How a room is lit affects the overall impression of the space. Lighting adds drama and function to a room, and the best lighting scheme uses natural light supplemented with ambient, task, and accent lighting, without overusing any of them.
The combination of indoor lighting and natural sunlight can completely change the feeling of a space when the bulb’s temperature is taken into consideration. Finding the right mix can be tricky, but it is worth the time and effort. A balanced mix of bulb temperature can sustain the warmth of a room while allowing homeowners to create different moods within a space.
One of the best, and least expensive, ways to control lighting is with dimmers, also called rheostats. Dimmers can not only set a mood, but also will conserve energy. They also help you custom-tailor light in a room for multiple uses and decorative effects. Another option is a control panel.
Lighting controls give you the flexibility to design a lighting plan with many uses and a variety of decorative touches. With the push of a button, you can use today’s sophisticated dimming systems to lower light levels to conserve energy and increase bulb life, alter the intensity of light to suit your activity, and create and save a number of different lighting scenes in each room.
Beware Of Glare
When placing light fixtures, consider the glare they produce. Direct glare from a bare bulb is the worst kind. Remedies include deeply recessed fixtures, fixtures with baffles or small apertures, and diffusing shades or covers. You can avoid reflected glare, which is light that bounces off an object into your eyes, by placing fixtures at a 30- to 45-degree angle.
Choosing Lighting Sources
One might think that choosing light fixtures comes first, but professional designers pick bulbs — which they call “lamps” — and then the appropriate fixtures. Bulbs can be grouped according to the way they produce light. Though most of us have a sense of what to expect from a 40-watt incandescent bulb, watts are no longer a good way to describe a bulb’s light output — now, different technologies use different amounts of power to produce the same light.
Compare lumens to see how bright a bulb is. If you want to know how warm or cool the light produced will be, look for the Kelvin rating. For the warm light traditionally produced by incandescent bulbs, look for those close to 2,700 Kelvin. Most of the old fluorescent tubes you’re familiar with are around 4,000 Kelvin. Fluorescents come in many varieties these days, from warm to cool, from traditional tubes to compact fluorescents (CFLs), all in many interesting shapes. Each will have its own effect on the colors in your space.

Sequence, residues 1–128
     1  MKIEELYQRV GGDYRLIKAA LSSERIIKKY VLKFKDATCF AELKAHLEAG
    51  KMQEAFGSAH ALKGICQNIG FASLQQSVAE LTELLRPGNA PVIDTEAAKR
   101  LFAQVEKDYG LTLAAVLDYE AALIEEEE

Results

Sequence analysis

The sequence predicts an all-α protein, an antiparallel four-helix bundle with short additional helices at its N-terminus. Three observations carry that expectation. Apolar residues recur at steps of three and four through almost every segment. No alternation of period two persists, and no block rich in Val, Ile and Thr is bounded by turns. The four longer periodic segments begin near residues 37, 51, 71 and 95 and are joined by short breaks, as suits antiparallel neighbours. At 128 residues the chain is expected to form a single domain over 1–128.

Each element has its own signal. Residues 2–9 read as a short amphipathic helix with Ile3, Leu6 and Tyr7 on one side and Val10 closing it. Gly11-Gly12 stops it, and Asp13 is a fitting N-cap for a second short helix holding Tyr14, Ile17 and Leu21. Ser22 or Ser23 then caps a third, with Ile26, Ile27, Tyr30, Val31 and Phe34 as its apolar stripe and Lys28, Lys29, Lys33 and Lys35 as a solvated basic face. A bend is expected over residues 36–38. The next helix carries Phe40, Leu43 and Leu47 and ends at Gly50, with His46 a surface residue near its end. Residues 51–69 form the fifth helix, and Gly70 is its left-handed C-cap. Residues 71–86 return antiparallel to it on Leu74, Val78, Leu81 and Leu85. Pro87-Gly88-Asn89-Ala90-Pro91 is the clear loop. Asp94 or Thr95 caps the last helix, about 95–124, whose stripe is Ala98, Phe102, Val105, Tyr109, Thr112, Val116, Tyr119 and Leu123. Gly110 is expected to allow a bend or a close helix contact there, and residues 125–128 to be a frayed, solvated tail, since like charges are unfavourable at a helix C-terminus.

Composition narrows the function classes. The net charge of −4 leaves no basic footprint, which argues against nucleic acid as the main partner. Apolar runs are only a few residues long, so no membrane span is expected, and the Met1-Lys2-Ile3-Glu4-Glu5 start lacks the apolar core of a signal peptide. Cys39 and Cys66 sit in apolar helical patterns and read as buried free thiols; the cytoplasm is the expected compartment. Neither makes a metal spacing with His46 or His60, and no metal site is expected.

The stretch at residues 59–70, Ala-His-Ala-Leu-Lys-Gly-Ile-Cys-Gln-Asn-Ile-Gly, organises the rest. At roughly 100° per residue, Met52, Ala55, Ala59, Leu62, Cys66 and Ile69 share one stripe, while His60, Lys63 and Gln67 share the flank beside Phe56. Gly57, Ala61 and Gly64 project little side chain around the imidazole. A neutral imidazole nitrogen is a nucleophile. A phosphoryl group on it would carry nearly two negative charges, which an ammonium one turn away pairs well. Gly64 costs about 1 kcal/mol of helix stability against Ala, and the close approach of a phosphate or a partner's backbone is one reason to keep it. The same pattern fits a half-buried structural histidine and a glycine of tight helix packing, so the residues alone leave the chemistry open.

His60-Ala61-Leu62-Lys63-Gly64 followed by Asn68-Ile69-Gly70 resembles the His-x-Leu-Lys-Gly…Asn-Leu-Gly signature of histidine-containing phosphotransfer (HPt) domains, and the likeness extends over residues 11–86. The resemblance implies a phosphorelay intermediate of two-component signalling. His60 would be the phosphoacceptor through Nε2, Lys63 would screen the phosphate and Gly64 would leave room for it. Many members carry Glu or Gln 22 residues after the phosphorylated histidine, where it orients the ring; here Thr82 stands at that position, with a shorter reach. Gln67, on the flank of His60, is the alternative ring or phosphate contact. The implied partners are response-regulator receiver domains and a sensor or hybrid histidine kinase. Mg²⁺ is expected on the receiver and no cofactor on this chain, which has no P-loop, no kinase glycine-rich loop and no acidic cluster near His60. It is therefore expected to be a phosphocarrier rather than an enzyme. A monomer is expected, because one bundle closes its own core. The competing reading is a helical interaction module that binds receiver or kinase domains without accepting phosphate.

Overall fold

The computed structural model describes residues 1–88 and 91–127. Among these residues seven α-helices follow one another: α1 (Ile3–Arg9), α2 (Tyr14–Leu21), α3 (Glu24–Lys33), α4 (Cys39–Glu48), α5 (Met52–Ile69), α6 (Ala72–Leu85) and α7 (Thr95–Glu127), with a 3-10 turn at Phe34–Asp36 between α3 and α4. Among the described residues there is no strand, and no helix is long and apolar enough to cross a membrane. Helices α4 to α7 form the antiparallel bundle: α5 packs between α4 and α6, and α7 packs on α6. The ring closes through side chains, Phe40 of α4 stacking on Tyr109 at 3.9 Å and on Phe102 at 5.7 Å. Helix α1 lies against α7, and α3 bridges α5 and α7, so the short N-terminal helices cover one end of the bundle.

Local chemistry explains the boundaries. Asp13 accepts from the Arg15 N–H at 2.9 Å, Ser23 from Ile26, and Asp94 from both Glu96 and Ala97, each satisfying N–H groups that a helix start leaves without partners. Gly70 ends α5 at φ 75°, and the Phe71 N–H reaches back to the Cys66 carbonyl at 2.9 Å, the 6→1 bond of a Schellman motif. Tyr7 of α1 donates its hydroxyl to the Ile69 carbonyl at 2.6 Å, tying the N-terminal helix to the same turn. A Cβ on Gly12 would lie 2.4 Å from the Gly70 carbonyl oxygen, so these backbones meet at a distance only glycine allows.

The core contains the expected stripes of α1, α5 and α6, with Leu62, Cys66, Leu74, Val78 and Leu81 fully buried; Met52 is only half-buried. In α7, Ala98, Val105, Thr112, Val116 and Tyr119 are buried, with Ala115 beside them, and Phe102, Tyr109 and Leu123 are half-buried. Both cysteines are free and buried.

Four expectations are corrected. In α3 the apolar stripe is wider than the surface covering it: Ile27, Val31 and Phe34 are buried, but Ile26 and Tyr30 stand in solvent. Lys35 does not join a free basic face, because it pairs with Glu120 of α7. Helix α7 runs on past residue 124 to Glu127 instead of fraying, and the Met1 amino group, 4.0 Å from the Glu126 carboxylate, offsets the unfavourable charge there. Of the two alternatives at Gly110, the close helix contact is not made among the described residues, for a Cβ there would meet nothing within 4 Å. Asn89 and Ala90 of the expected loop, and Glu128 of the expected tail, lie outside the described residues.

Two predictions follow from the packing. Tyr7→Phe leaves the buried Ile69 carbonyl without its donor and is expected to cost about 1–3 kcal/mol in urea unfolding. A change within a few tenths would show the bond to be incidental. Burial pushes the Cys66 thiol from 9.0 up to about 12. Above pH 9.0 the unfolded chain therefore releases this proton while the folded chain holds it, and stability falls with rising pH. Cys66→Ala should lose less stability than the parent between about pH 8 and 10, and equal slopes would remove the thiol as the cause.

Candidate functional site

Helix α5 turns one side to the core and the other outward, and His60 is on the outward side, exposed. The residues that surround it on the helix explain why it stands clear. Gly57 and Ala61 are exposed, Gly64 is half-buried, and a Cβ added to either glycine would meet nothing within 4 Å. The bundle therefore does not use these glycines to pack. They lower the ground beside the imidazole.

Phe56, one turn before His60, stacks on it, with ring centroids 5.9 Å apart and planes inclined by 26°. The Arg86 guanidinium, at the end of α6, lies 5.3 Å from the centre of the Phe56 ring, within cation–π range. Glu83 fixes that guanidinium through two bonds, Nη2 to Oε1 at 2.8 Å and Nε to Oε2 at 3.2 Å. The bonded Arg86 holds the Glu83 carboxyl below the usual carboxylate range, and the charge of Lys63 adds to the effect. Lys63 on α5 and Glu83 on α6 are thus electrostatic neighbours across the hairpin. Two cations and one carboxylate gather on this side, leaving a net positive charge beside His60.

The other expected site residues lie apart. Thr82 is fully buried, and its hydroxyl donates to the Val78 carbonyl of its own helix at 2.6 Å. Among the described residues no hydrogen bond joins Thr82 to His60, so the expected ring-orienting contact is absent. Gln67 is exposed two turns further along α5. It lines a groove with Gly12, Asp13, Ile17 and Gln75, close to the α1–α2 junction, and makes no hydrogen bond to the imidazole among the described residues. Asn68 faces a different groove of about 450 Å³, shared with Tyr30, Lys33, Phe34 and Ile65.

Incandescent light is still available, but in a more efficient package. Look for halogen bulbs that look the same as traditional bulbs, but with the filament encased in gas. They are able to produce light like a 100-watt incandescent bulb, with only 72 watts.
- To warm up a room’s color: Look for a bulb with a temperature close to 2,700 Kelvin. Halogens are a good choice, but all types of bulbs are available in warmer ratings.
- To cool down a room’s color: Look for a bulb with a temperature close to 4,000 Kelvin. Standard fluorescents will generally cool down a room, but check the numbers.
- To most accurately replicate natural daylight: Midday sunlight is around 5,000 to 6,000 Kelvin, but keep in mind that this is very cool light — contrary to what you might expect.
These give off the whitest light and do not change interior color perception. They are ideal for task and accent lighting. They must be used in halogen fixtures only.
Light-emitting diodes (LEDs) are the longest-lasting bulbs out there and they cost the least to operate. If your fixture is on a dimmer, keep in mind that while the color produced by the LED at full strength will match that of its equivalent incandescent, when dimmed, the incandescent will get much warmer in tone, while the LED will just dim and the color will stay pretty consistent.
These create a steady, shadow-less light to simulate daylight. They are highly energy efficient, and come in both tubes and bulbs. The newest generation of fluorescent bulbs has minimal noise and flicker and comes in a wide spectrum of colors.
Compact Fluorescent Light Bulbs
Compact Fluorescent Lights (CFLs) use 70% less energy than the incandescent light bulbs they replace. They’re available in various sizes and shapes to match different fixtures and come in different shades of white light. You can even find CFLs for use with a dimmer switch or a three-way fixture.
Other Light Sources
Some specialty lights don’t provide a great deal of useful light but can be fun as decorative elements. These include neon, fiber optics, and rope lights.
With a rainbow of choices, what bulbs will you use in your space?
***Kerrie Kelly, an interior designer, writes for The Home Depot on décor and lighting. Kerrie provides tips on a breadth of décor topics from color pallets to the type of light bulbs to create the right ambiance in a room. Check out The Home Depot website to view the LED and CFL light bulbs that Kerrie wrote about in her article.